“I was really contemplating why I did this and was thinking it wasn’t worth it,” he said. “But when I saw that Daytona Beach sign, got off the highway, and saw all of these motorcycles everywhere, I realized this trip was worth every second of hardship.”

Giannini said he spent most of his first day at Daytona Bike Week in the vendor area at Daytona International Speedway and was planning to head over to Rossmeyer Harley-Davidson that evening. His plan was to stay in Daytona Beach for the weekend, but he was considering staying longer.

He said he was planning on taking three days to ride back to Philadelphia and was expecting the return trip to be easier than the ride down.

“I was worried about missing things going on down here and wanted to make sure I got to Daytona Beach in time,” he said. “I feel like I can take my time more on the ride home now.”

Advice and the future

For others who are planning their first long-distance motorcycle trip, Giannini’s advice is not to worry too much and just do it.

“I think I’ve proven a point here that you can do this on a bike that’s really designed for beginners,” he said.

The trip has also changed what Giannini is looking for in his next motorcycle. He said he was previously thinking of getting a bigger sport bike. With the desire to explore now firmly a part of his psyche, he’s now considering naked bikes that are better suited for long distance riding.

As for his next touring destination, Giannini said he’s interested in riding to Sturgis or exploring the old Route 66.

Epilogue

I saw Giannini again in Daytona Beach when I was covering the sights and sounds of Main Street the night of Monday, March 11. He said he had been having a great time at Daytona Bike Week since we met.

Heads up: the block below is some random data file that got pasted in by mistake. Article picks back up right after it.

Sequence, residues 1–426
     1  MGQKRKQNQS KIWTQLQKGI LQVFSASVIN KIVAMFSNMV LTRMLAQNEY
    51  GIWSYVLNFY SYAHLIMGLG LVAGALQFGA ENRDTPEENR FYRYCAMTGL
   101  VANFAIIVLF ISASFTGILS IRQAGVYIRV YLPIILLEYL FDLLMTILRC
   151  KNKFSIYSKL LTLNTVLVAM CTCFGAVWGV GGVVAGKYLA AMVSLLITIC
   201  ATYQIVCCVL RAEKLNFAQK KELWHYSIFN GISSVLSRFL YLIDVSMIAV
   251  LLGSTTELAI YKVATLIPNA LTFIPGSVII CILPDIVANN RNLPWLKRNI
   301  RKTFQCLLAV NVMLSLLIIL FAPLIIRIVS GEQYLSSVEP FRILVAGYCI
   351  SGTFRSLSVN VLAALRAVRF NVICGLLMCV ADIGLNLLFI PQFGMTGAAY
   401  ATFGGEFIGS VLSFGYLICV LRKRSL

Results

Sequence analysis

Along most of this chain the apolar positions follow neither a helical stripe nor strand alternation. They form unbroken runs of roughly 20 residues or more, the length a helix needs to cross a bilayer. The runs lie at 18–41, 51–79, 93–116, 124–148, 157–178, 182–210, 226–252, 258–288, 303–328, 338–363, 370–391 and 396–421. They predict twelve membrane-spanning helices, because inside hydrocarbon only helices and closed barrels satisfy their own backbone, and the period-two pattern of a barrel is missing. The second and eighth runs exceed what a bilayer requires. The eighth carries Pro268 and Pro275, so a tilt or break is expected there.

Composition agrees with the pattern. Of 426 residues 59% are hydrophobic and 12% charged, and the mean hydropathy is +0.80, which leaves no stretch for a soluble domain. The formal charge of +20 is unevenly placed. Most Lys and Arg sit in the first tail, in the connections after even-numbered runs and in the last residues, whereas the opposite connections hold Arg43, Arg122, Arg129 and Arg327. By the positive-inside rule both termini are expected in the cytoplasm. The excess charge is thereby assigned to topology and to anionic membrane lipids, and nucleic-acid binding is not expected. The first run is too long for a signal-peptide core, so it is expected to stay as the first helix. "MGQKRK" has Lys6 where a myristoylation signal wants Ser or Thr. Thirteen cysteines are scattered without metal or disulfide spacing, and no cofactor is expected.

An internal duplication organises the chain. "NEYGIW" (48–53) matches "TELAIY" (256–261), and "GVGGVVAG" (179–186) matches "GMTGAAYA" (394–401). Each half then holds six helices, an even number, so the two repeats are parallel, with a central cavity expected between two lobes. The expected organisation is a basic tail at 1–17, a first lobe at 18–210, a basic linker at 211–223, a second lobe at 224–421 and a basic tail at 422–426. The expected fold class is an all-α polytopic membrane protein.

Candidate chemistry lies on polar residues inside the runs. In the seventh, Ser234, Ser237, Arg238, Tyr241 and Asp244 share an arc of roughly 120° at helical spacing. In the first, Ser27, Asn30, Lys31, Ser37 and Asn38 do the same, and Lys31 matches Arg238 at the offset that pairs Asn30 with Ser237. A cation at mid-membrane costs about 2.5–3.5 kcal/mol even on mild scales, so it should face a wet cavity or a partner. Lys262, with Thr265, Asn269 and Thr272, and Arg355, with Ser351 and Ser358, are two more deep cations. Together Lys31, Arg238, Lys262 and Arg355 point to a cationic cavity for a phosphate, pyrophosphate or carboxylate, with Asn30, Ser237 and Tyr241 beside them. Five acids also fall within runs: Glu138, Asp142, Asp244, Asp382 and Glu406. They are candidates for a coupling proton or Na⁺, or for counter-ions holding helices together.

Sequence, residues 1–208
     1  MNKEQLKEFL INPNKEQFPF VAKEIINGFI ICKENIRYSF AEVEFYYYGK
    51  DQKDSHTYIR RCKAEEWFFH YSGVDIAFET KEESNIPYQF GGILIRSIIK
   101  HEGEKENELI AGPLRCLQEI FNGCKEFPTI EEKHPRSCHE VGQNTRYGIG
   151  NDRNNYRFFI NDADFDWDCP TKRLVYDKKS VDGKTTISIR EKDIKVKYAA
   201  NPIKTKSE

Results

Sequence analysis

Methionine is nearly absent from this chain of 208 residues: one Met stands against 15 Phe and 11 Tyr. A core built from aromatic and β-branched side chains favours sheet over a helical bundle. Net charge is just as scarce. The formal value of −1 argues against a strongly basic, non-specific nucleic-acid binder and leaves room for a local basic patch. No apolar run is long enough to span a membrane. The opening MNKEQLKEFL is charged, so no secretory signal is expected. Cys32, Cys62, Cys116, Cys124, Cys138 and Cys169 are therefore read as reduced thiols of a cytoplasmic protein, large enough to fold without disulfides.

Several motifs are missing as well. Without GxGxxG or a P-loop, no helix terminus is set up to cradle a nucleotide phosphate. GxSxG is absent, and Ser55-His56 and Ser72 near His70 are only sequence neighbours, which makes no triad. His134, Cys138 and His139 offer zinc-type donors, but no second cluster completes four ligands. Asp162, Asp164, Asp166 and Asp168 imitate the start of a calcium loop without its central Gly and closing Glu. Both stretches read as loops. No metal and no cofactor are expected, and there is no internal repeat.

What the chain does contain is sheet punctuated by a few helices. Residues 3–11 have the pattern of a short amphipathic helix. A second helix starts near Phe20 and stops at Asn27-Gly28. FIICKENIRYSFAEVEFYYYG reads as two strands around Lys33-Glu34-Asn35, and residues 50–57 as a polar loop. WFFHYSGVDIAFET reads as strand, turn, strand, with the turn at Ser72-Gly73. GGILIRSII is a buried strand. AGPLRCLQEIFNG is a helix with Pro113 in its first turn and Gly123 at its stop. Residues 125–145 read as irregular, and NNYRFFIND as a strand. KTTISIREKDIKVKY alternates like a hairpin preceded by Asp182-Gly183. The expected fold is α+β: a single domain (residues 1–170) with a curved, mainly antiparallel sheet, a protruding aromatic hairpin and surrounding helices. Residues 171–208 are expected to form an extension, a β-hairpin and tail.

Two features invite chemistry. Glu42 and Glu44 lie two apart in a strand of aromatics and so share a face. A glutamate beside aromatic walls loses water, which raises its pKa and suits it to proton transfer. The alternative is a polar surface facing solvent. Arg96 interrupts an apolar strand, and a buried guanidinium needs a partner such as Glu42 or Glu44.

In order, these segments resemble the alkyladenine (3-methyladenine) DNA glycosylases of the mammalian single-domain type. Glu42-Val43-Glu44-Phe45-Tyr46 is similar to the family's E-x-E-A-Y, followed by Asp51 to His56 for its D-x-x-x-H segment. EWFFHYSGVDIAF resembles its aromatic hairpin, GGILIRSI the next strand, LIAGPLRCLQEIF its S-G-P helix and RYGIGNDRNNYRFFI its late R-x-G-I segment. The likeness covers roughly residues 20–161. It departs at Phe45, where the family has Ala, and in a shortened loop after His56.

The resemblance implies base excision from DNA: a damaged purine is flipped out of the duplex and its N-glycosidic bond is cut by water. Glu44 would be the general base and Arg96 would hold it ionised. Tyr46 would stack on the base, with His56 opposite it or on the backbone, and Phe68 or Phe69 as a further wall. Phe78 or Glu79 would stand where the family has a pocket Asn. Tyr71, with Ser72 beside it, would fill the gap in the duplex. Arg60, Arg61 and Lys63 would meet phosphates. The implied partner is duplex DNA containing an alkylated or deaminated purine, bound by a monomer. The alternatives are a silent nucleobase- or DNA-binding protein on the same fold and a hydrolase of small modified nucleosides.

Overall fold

He said he took my advice and went to the Monster Energy AMA Supercross event at Daytona International Speedway on March 9 and had a great time at the event. He also said he was following through on his plan to leave the next day, but would definitely be back next year.

After I got home from Daytona Beach, Giannini sent me an email that said he made it home safely from Daytona. He said the trip ended up being about 3,000 miles.

“The experience was incredible and without a doubt one of the greatest things I have ever done in my life,” he wrote.

The Takeaway

Giannini’s story is a happy one, in that it ends with him discovering the passion to explore on two wheels, as well as an infusion of youth into the motorcycle sport touring community. While the challenges he persevered through on his first long distance journey are remarkable, his perseverance is the heart of this story.